Theme 4: Shifting identities and representation

Theme 4: Shifting identities and representation


Demographic, social, and cultural changes have generated new political cleavages and struggles over representation. Ageing populations, declining blue-collar workforces, and rural-to-urban migration, for instance, reshape demands and identities. Along with changing identities and cleavages, there are significant shifts in the loci of democratic engagement. Political parties, labour unions and traditional media are losing their role as primary mediators and distributors of political interests and information. Social media and the internet have become increasingly influential, fostering an emergence of ‘virtual communities’ and new forms of social movements. Thus, there is reason to believe that we are witnessing not only shifts in the sites of representation but in the degree to which they are viewed as legitimate as well.

The following publications by the Governance consortia relate to the shifting identities and representation:


• Dziuban, A., Faust, F., Sekuler, T., Struzik, J., Bonde, L., & Nicholls, E. J. (2021). HIV/AIDS and its monsters. Negotiating criminalisation along the monster–human continuum. European Journal of Cultural Studies.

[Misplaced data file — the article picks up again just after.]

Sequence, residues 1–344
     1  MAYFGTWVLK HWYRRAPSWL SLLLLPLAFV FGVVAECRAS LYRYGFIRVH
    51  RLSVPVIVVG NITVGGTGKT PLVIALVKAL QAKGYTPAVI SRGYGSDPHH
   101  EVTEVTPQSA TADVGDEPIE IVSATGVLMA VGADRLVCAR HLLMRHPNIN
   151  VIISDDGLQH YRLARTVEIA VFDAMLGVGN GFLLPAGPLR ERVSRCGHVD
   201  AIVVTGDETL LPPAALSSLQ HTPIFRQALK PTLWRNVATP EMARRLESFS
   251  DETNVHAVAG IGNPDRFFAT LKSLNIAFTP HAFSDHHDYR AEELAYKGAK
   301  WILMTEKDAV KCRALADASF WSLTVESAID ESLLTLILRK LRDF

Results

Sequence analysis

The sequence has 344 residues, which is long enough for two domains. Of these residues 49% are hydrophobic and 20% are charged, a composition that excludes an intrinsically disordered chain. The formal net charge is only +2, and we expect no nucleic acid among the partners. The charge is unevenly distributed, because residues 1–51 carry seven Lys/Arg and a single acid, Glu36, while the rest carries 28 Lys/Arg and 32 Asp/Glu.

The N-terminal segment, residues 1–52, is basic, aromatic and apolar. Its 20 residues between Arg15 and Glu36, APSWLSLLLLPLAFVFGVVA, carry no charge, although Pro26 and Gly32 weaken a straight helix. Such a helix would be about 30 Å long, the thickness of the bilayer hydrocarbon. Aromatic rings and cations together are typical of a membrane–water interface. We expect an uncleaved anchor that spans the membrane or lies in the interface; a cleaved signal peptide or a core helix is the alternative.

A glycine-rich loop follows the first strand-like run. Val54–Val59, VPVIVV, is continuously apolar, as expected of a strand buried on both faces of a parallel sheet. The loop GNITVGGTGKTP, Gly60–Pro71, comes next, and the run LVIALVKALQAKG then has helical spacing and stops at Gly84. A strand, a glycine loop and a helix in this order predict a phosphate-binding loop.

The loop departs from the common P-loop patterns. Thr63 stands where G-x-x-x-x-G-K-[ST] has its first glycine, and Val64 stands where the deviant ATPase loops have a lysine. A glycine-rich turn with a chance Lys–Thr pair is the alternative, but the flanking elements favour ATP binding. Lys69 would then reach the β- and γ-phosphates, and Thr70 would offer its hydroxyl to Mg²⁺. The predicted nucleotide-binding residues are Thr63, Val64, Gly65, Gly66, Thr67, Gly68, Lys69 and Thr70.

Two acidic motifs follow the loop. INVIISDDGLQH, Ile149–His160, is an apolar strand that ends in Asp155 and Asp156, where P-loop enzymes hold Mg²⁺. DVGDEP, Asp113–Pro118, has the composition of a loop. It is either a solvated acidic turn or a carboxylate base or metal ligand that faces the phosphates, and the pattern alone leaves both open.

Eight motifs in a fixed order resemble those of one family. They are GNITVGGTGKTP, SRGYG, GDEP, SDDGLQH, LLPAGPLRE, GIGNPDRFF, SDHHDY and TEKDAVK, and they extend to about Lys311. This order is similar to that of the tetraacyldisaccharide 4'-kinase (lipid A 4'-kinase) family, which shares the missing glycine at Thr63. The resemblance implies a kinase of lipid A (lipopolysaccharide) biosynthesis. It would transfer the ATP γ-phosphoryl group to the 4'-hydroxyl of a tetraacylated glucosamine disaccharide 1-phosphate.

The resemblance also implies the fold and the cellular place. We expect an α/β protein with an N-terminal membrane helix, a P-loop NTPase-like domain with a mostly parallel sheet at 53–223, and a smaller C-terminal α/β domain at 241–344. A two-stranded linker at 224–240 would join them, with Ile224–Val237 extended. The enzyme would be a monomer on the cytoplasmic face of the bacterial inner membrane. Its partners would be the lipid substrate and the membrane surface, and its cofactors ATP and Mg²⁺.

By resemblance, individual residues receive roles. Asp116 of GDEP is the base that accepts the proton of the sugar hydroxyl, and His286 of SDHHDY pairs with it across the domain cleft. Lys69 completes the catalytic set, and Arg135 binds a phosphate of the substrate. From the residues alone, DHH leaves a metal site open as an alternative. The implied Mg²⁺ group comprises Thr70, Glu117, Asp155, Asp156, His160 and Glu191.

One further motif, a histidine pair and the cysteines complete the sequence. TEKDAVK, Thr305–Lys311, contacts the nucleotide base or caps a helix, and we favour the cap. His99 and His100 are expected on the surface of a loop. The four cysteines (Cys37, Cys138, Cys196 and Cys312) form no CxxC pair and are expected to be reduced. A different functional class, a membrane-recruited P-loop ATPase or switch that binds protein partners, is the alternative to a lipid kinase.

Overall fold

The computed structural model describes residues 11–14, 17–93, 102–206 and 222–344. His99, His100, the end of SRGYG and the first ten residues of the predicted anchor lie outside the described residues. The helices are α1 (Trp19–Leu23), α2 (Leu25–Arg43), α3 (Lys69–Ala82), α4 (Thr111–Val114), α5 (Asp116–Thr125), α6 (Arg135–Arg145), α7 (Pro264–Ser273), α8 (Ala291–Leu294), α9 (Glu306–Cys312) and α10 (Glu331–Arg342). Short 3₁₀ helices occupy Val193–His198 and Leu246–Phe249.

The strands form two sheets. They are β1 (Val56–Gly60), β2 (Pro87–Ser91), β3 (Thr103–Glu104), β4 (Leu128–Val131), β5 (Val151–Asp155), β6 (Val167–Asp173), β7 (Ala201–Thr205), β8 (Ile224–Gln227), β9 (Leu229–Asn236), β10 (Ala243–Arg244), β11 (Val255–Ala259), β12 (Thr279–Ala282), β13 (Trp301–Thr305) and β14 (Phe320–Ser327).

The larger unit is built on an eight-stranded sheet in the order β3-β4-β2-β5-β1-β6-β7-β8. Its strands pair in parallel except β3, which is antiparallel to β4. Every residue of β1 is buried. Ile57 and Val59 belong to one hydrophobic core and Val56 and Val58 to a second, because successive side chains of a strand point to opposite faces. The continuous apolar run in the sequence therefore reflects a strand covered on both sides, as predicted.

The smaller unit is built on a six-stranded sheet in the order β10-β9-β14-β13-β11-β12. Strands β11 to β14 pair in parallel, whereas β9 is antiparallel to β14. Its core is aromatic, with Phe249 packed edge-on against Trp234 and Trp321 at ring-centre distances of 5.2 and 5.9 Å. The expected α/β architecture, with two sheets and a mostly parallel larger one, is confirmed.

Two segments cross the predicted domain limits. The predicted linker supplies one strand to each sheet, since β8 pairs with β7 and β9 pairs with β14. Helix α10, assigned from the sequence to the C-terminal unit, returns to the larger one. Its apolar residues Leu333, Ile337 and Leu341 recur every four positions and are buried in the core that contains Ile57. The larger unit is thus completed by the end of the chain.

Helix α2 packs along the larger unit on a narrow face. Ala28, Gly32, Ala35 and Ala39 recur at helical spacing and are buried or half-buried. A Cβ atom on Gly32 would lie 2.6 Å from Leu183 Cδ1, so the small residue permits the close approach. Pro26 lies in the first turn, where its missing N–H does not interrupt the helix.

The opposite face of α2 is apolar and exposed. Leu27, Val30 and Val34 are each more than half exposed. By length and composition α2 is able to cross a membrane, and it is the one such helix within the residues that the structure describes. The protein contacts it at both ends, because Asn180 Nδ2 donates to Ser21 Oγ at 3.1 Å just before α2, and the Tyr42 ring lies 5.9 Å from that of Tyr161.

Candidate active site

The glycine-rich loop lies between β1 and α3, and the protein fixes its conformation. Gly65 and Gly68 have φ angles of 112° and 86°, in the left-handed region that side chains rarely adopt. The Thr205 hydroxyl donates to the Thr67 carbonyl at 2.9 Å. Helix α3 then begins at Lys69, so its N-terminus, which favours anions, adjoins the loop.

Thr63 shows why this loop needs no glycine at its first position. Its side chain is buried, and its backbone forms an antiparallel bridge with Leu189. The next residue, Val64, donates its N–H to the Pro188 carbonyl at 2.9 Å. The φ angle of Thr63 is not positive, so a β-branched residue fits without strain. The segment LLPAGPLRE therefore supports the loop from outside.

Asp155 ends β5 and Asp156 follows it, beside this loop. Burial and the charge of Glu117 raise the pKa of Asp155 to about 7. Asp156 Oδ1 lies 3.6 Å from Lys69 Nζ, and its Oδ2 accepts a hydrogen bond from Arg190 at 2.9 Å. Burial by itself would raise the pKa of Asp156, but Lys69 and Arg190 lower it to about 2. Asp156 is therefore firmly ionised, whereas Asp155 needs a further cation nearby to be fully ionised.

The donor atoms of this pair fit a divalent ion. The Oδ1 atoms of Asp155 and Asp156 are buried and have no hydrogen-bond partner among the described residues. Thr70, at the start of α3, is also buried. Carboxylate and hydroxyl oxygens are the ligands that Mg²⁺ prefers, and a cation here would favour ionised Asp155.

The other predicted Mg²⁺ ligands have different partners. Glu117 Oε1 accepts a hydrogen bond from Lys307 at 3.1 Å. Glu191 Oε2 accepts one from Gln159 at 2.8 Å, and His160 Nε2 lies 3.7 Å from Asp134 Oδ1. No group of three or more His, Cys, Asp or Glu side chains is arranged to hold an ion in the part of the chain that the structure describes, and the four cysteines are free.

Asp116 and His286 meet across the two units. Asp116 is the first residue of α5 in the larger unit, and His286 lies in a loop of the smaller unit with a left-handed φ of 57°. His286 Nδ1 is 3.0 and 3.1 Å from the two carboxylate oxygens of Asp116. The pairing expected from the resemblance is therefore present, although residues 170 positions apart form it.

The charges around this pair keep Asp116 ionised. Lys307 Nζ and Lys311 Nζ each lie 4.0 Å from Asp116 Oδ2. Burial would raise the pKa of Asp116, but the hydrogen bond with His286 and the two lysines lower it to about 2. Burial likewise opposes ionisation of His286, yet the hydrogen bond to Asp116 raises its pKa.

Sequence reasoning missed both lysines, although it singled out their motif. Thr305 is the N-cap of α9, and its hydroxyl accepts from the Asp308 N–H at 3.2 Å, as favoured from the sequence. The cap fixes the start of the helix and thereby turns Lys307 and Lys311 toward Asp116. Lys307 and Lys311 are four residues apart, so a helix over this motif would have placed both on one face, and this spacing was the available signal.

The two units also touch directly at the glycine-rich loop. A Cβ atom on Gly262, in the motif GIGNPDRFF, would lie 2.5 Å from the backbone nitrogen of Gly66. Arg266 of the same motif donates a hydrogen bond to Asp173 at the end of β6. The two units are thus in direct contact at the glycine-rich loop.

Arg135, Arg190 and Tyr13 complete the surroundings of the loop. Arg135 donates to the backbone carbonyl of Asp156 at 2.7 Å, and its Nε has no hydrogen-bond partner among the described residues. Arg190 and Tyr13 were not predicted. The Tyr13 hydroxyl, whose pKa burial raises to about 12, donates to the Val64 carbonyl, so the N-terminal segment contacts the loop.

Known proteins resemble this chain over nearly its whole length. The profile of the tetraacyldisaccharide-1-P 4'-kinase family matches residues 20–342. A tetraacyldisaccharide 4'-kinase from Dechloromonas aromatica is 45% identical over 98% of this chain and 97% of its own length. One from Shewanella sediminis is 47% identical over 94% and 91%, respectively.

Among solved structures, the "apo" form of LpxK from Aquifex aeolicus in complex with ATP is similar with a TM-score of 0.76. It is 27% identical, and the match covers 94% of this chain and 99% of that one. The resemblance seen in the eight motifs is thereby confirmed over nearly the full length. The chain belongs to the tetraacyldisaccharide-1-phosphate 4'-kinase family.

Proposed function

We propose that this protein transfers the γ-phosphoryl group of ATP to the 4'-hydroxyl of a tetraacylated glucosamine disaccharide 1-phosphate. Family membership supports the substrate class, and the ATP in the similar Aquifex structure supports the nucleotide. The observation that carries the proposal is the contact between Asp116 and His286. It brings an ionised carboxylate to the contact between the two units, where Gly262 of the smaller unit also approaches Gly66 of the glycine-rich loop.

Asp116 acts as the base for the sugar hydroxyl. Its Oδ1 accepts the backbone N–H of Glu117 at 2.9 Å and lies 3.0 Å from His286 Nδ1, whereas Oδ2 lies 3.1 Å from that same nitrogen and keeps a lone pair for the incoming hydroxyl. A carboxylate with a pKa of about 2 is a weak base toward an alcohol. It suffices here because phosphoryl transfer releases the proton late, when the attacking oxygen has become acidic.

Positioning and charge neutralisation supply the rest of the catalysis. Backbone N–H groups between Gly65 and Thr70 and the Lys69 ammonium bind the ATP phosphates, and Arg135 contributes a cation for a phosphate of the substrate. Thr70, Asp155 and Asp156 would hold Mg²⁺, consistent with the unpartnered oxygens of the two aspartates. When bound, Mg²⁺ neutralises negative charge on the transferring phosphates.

Bos, L., & Minihold, S. (2021). The Ideological Predictors of Moral Appeals by European Political Elites; An Exploration of the Use of Moral Rhetoric in Multiparty Systems. Political Psychology.

• Dommett, K. & Bakir, M. E. (2020). A Transparent Digital Election Campaign? The Insights and Significance of Political Advertising Archives for Debates on Electoral Regulation. Parliamentary Affairs, 73 (Supplement 1):208-224.

Dommett, K., Temple, L., & Seyd, P. (2020). Dynamics of Intra-Party Organisation in the Digital Age: A Grassroots Analysis of Digital Adoption. Parliamentary Affairs.

• Dommett, K., Fitzpatrick, J., Mosca, L., & Gerbaudo, P. (2020). Are digital parties the future of party organization? A symposium on The Digital Party: Political Organisation and Online Democracy by Paolo Gerbaudo, Italian Political Science Review/Rivista Italiana Di Scienza Politica, 1-14.